A cannabis licensee is seeking to open an adult-use location at 108 Federal Road, in Danbury, Conn, a former equipment rental business location. Tuesday, September, 20, 2022.
But its dormant status may change in the coming months if the owners of a newly established adult-use retail cannabis business successfully secure a preliminary license from the state that would allow the firm to sell marijuana to recreational customers.
Carl Tirella, co-founder of BUDR Hartford Holding LLC, said the entity successfully secured one of the first Equity Joint Venture retail licenses issued by the state, with plans to begin sales from its prospective location in Danbury early next year. The business is seeking zoning approvals from city’s Planning Commission, which will hold a public hearing on the matter on Nov. 2.
“We were targeting the Danbury area and we were able to find a building that was consistent with the regulations that were just approved and we applied as of last week, submitted all the documents and we were given our provisional certificate (Monday) and submitted that to the city and then we’re on (to) the hearing and will hopefully be approved Nov. 2,” Tirella said Tuesday.
Under the state’s recreational marijuana statute, the Equity Joint Venture applicant must partner with a licensed producer, a “Disproportionately Impacted Area” cultivator, or an existing dispensary facility, and must be at least 50 percent owned and controlled by an individual, or individuals who “had an average household income of less than 300 percent of, or three times, the state median household income over the last three tax years.”
The social equity partner must also show they were either “a resident of a disproportionately impacted area for at least five of the last 10 years,” or “a resident of a disproportionately impacted areas for at least nine years” before they turned 18.
Unlike applicants for other types of cannabis licenses, those seeking approval for an Equity Joint Venture do not partake in a lottery process; instead they are vetted and selected by the state’s Social Equity Council, a special body setup to oversee the cannabis licensing in the state.
After building a career in finance and project management, Tirella explained how he left his most recent job with Acerage Holdings, a leading cannabis firm that runs a medical medical marijuana dispensary in Danbury and has licenses to grow, process, and dispense marijuana in multiple states, in March and co-founded BUDR with Derrick Gibbs, the chief executive officer of the Middletown-based Change Incorporated, an organization providing mental health services to clients across Connecticut.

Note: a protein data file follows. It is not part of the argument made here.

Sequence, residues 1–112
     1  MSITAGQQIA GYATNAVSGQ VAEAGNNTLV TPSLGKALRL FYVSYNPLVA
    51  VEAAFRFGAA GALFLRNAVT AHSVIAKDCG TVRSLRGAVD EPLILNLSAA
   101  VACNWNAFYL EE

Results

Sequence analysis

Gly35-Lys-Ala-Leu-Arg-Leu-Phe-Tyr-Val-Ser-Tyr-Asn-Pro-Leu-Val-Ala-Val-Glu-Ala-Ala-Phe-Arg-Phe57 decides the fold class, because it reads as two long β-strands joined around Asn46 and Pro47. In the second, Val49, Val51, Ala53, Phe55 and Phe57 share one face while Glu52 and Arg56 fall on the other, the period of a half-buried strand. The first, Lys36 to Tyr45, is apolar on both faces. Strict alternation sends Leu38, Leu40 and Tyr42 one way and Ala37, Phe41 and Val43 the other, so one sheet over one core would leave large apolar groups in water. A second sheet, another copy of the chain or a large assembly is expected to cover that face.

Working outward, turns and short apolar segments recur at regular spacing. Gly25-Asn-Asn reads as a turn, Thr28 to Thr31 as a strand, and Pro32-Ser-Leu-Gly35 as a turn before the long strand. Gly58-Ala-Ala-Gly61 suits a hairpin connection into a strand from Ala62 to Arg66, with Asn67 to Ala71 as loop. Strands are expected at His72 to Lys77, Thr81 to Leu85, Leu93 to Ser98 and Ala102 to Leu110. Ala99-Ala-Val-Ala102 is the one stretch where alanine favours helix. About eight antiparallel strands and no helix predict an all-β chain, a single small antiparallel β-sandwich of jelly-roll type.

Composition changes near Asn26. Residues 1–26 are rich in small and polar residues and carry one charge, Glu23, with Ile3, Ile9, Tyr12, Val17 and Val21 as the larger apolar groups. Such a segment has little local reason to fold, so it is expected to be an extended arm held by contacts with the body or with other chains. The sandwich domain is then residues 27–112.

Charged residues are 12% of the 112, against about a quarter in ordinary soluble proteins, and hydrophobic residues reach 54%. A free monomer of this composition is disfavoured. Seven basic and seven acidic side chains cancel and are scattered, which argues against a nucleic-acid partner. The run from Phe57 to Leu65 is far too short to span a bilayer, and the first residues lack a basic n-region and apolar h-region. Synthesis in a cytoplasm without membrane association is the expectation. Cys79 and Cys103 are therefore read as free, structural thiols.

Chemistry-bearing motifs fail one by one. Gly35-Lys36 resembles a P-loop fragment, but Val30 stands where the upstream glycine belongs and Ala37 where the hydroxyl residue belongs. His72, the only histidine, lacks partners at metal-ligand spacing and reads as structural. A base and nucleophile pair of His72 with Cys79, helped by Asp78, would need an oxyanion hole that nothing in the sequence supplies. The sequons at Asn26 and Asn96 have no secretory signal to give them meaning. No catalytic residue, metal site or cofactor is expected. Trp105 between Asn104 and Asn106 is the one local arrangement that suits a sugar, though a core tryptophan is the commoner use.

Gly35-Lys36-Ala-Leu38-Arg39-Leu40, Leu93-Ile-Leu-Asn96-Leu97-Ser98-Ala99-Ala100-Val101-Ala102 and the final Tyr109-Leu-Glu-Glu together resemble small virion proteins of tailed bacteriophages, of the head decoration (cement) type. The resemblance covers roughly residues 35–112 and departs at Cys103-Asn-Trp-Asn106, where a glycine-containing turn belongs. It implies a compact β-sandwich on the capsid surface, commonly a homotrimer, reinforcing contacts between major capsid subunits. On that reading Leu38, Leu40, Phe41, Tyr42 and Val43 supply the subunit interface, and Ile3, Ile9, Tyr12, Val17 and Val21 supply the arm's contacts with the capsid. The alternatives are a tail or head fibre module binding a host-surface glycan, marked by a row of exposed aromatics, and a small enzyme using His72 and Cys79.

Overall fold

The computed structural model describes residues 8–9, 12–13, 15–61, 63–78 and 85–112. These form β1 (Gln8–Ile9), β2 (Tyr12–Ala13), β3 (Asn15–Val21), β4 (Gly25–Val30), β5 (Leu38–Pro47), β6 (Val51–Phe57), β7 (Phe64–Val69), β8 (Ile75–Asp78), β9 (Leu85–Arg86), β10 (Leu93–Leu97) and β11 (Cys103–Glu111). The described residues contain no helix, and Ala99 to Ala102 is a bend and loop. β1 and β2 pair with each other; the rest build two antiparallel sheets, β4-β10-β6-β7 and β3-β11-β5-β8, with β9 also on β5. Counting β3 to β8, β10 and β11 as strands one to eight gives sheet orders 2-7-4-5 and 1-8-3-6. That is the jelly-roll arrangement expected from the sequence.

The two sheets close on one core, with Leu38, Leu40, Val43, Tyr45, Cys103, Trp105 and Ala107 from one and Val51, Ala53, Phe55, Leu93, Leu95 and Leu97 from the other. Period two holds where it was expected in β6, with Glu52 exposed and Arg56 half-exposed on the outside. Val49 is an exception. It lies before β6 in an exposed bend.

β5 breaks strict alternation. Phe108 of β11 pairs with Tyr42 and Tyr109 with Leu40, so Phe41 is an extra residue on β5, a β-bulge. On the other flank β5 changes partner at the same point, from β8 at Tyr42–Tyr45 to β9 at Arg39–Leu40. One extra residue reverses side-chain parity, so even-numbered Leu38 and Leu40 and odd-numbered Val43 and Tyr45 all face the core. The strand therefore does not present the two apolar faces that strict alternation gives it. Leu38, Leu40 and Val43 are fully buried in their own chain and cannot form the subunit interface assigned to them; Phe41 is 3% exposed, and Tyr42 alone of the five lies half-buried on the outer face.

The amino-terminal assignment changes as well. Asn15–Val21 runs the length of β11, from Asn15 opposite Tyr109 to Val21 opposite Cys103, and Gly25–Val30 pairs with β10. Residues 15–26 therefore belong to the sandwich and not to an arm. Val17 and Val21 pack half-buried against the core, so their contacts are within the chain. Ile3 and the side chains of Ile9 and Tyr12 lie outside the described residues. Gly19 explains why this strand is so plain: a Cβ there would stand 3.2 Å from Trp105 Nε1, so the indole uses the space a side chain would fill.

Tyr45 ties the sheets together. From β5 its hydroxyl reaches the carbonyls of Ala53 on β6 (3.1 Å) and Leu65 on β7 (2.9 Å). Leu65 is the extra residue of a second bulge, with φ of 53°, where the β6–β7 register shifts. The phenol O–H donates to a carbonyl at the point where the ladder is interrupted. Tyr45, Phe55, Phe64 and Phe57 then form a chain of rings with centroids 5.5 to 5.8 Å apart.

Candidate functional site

In order to become eligible for an Equity Joint Venture license, the pair then linked with Nancine Crump, a Middletown resident qualified as a social equity applicant under the state’s cannabis laws, and an existing cannabis license holder.
“(We) teamed up with an existing operator and we used their license to work with a social equity applicant to stand up a retail (dispensary) in the state,” he explained.
Citing a request from the company, Tirella declined to identify the name of the “existing operator” but explained how Danbury became an attractive option for the group’s planned location, citing the city’s focus on a “community driven process” when it comes to allowing cannabis retailers.
Calls placed to Danbury planning officials Tuesday seeking information around the application went unreturned.
Passed in August, Danbury’s marijuana regulations limit the number of marijuana businesses so that no more than four may operate at any one time citywide, and they would be confined to certain commercial and industrial zones where they don’t impinge on schools, parks and houses of worship. Seven other kinds of marijuana businesses, such as cannabis food and beverage manufacturing, are not allowed under the local rules.
The approval of the city’s regulations ended a temporary moratorium on cannabis establishments that was implemented by city officials last summer after the state legalized recreational marijuana; but it also provided an attractive incentive for BUDR to open a location in Danbury, according to Tirella.
“(Danbury) has limited licensing structure (allowing) one hybrid, one medical, and one cannabis retailer, so that was obviously attractive,” Tirella said.
With a goal to open multiple locations in Connecticut, Tirella added, “Danbury may or may not be the first and or the last.”